Mother’s day is just around the corner, and sure enough the rivers here in Utah are swarming with caddis. One great thing about caddis is their awesome abundance from now until late fall. Over the course of a year they make up a large portion of a trout’s diet. Caddis are very active bugs that can be identified by the splashy aggressive rise of a trout. A caddis hatch is one of my favorite times to throw a dry fly because of the aggressive nature exhibited by trout at this time. These little critters are not easy meals for trout, and after a few escape early on in the hatch it seems that the trout turn up their energy level and really get going after them. Not many casual sips during a caddis hatch!
The tan foam and ginger hackle combination is my go to color variation. It has fished very well for me to both match the hatch, and as a searching pattern in the summer months.
The chartreuse foam body caddis is a great attractor or “searching pattern”. The profile of this fly with a little added color can also fish well during a hatch if the fish are not too highly pressured.
One great thing about caddis is their awesome abundance from now (late spring) until late fall. The foam body caddis is hands down my favorite caddis dry fly, followed closely by the classic Elk Hair Caddis. Give this pattern a shot in a variety of colors, and I’m sure you won’t be disappointed.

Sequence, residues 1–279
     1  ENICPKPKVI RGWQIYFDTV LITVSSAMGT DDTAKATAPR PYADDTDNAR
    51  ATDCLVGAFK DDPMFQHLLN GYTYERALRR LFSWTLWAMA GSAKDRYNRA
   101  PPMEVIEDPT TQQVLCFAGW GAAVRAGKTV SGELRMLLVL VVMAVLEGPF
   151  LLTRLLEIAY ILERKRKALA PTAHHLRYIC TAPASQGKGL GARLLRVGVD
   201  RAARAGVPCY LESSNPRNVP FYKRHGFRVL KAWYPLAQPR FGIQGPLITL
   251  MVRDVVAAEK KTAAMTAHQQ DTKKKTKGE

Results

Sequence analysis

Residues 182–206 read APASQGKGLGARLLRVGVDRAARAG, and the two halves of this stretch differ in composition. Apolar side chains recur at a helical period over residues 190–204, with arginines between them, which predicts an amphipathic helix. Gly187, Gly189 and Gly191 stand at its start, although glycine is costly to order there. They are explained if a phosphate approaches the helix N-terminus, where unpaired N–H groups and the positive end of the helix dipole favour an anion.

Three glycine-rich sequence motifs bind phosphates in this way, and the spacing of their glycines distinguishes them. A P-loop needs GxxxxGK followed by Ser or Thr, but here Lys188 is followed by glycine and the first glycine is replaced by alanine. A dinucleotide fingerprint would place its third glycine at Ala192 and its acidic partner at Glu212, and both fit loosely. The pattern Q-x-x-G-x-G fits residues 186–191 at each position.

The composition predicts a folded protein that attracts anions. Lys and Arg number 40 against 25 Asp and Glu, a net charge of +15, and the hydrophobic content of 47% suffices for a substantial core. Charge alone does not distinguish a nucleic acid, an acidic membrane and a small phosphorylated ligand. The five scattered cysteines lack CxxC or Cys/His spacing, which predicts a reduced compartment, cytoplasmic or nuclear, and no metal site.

Tan Foam Body Caddis Hook: Any dry fly hook size 14-18 Thread: Uni 8/0 Camel Underbody: Tan Antron Dubbing Foam: Tan 1mm X 1mm Wing: Elk Hair Legs: Ginger/Brown Hackle
Chartreuse Foam Body Caddis Hook: Any dry fly hook size 14-18 Thread: Uni 8/0 Olive Underbody: Dark Olive Antron Dubbing Foam: Chartreuse 1mm X 1mm Wing: Elk Hair Legs: Black/Dark Grizzly
Early every spring I start to get dry fly fever. The thought of small midge adults coming to the water’s surface to get pummeled by hungry trout get me excited every year at this time. The Hi-Vis Griffith’s Gnat represents a cluster of adult midges, but all in all it is just a buggy looking fly. With grizzly hackle and a peacock herl body, it is hard not to look buggy and delicious! This variation is identical to the traditional Griffith’s Gnat with the exception of the parachute that makes it more visible, especially in faster water. It is quite buoyant and floats well enough to suspend small nymphs such as midge pupa imitations or unweighted beatis patterns. It is not only effective during the early parts of the year when it is still freezing outside, but if truly works well year round on many streams and lakes.
Hook: Any standard dry fly hook (e.g. Daiichi 1100 or Tiemco 100)
Thread: Black 8/0
Body: Peacock herl
Parachute: Para post, poly yarn, Z-lon, or any other highly visible material in any bright color you prefer
Sizes: Anywhere from 14 to 22, but my favorites are 14-18